The U.S. Marines made history this month by producing concrete barracks using a 3D printer. The entire process was completed in just 40 hours and comes as a major improvements compared to the traditional canvases and nylon tents that are used. The barracks can even resist enemy fire, providing much needed protection for the Corps. Prior to this groundbreaking feat, it took 10 Marines about 5 day to build a barrack out of wood. In addition to the inefficiency of the construction time, the process also put marines at an unnecessary risk of injury.
According to the Marine Corps Systems Command’s Operations and Programs Additive Manufacturing project officer Captain Matthew Friedel, “This exercise had never been done before, people have printed buildings and large structures, but they haven’t done it onsite and all at once. This is the first-in-the-world, onsite continuous concrete print. In active or simulated combat environments, we don’t want Marines out there swinging hammers and holding plywood up,” he continued. “Having a concrete printer that can make buildings on demand is a huge advantage for Marines operating down range.”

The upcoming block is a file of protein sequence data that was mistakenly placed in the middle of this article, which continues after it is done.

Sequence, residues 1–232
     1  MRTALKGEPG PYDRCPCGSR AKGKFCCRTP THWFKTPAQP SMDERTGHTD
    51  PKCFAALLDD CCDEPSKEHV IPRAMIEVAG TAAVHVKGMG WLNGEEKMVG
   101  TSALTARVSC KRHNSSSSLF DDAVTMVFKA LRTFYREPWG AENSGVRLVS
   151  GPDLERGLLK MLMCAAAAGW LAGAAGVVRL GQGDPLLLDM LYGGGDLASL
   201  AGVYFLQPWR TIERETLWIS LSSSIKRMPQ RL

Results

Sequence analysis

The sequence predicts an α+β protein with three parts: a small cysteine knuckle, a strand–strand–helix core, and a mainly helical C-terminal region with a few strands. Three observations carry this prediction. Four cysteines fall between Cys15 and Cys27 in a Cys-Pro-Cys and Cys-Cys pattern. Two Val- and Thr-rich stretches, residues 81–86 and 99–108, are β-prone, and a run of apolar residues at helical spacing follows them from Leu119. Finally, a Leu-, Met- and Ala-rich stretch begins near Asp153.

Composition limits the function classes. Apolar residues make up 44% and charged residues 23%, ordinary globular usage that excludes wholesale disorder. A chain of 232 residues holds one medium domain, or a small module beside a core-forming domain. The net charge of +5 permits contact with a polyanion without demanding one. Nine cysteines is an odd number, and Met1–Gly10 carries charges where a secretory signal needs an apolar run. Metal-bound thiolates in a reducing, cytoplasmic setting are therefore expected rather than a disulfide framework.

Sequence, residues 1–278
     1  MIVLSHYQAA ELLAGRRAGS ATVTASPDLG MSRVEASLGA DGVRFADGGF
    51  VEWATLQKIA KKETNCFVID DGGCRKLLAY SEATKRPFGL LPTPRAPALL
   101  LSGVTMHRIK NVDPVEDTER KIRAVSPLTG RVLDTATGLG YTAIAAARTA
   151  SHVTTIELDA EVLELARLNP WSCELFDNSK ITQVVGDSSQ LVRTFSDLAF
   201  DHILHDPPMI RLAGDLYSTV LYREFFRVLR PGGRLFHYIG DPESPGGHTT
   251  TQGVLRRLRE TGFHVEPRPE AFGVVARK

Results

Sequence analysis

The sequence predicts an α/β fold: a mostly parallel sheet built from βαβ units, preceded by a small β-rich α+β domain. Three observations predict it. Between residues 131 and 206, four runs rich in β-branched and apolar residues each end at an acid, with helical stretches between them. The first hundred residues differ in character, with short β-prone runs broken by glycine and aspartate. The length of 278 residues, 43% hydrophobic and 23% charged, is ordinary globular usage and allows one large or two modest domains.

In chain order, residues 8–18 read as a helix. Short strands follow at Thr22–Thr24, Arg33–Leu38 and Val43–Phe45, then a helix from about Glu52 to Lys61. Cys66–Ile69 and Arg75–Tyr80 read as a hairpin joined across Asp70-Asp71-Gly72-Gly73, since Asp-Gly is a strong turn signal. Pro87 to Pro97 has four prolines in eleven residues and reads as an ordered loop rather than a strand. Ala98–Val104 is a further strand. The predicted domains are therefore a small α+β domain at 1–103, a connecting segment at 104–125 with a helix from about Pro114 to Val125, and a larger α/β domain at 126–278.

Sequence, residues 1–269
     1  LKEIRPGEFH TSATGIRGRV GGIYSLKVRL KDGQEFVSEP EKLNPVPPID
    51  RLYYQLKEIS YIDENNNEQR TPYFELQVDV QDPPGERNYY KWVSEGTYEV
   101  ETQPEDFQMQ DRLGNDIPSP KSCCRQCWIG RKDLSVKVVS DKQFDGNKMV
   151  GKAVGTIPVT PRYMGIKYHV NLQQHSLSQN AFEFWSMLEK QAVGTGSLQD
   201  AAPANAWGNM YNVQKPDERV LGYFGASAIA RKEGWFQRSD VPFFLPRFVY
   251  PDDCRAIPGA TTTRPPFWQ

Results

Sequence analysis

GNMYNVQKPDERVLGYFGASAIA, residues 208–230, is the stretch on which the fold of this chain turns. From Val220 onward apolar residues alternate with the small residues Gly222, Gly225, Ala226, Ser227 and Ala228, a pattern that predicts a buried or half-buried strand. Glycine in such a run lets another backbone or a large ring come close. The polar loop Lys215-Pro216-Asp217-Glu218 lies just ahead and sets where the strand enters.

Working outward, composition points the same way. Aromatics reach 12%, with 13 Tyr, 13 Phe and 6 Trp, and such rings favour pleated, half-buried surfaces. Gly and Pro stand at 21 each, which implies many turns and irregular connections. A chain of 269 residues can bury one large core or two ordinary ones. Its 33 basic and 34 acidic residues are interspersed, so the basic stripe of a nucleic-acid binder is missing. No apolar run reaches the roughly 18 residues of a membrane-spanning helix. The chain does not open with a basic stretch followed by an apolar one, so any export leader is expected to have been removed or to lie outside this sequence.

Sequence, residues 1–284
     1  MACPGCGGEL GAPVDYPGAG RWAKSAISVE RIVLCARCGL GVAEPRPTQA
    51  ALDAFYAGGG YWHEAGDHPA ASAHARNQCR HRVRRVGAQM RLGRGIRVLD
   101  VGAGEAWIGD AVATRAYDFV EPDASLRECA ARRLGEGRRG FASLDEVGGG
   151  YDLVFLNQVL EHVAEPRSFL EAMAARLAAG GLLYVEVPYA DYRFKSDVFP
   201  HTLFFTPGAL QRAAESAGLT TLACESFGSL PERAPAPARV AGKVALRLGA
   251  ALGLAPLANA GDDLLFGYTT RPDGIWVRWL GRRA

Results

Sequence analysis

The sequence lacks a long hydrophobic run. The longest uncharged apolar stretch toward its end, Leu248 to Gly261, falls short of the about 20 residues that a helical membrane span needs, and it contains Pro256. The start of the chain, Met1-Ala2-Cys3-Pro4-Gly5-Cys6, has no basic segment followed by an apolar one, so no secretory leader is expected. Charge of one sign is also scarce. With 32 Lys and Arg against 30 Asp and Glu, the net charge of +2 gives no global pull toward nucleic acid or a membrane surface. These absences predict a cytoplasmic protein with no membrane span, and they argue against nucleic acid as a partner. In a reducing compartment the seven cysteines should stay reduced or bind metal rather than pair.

The structure, which was printed on the world’s largest concrete 3D printer at the U.S. Army Engineer Research and Development Center in Champaign, Illinois, is a 500 square foot structure. Using this printer, computer aided design (CAD) files and a decade old computer, they produced the barracks in less than 2 days. The team of Marines believe this process can soon become fully automated, as the task of preparing the concrete and refilling the printer with it could easily be done using artificial intelligence like robots. They are confident that once the process does become fully automated, that the production time will decrease to as little as 24 hours.